The answer is clearly NO! When police ticket someone for a burnt out headlight (or any victimless crime) the domino effect can be dramatic. Instead of police leaving this matter alone, as I’m sure the vast majority of people would fix their headlights with out the police telling you to, they pull you over and issue you a ticket (I know in some states its only a warning, if so, substitute in another victimless crime). The fact that you can be forced to the side of the road, forced to appear in court, forced to pay the fine and forced into a jail cell if you don’t comply is not a free society. The actions of police in matters like this also force people to choose between the path above (which could lead to jail time) or getting to work, putting food on their tables, roofs over their heads, ect.
Then there’s a free society in terms of monetary value. Where if police really put the ‘free’ into free society they most definitely don’t do so in terms of financial value. They hold a monopoly on their service and ensure payment by force. In a true free society people get to choose how to spend their money without the fear of imprisonment. Instead people are taxed to cover the cost of police salaries, cars, gear and if you choose not to (or can’t afford to) pay those taxes you’re taken from your family and locked in a cage.
The system even hampers those who want to make right on their wrong doings. Meaning if I were to destroy someones property, intentionally or by accident, but wanted to make right with them the state would step in. Even if the victim and I reached an agreement to settle the dispute and/or damages the state could still ticket me for the offense. Therefore not acting in a true free market (or society) setting. Voluntary or free actions are done between people who agree and accept terms of such a deal, without the additional punishment or financial gain of the state. Why should you pay the state $140 for the stolen candy bar if the shop owner is willing to accept $4 (double the cost) for your actions? You do so because if you don’t the police will throw you in jail, again, not a free society.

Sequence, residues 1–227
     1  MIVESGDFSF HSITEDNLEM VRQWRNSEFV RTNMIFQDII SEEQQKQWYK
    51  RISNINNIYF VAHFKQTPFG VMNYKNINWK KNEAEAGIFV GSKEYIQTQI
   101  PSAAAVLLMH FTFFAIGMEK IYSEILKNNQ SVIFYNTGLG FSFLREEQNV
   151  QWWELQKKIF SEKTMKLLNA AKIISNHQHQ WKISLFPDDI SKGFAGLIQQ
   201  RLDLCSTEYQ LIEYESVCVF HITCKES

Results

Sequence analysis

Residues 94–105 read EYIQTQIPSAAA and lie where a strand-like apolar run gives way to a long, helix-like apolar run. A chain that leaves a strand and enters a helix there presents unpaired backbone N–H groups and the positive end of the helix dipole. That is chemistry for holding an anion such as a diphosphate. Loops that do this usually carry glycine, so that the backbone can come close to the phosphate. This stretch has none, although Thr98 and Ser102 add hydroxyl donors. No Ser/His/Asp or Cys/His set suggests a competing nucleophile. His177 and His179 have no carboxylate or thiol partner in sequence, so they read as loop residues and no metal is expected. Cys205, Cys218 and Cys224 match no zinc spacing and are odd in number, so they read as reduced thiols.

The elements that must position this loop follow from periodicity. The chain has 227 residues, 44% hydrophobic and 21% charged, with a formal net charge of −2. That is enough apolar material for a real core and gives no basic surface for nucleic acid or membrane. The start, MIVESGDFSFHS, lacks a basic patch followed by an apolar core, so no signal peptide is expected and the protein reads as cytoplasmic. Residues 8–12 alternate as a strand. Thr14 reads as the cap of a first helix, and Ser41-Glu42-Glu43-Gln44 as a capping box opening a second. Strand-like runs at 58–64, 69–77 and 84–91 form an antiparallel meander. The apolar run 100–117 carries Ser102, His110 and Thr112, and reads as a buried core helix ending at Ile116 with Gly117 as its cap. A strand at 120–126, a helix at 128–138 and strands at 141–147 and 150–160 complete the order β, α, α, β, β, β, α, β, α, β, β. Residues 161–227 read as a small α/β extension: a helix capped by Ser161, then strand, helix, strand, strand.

In conclusion, I’d like you to recall what Joseph stated, “both [rookie and veteran cops] have my respect and deserve yours. Our police are what keep the “free” in “free society.” I was taught as a young child that respect is earned and never given. I have no respect for officers who choose to over look their job description, who allow another officers to physically attacking someone, who participate in as many illegal acts as they write tickets for and who only protect and sever the interest of the state; not the people’s. The only free act done by police officers is when they make the choice to become a police officer. Which is another reason you can spare me from the ‘we deserve respect and added perks” as law enforcement. It was your choice to become a cop, not mine, and police do a better job of keeping the state in Statism than advocating any form of FREEdom.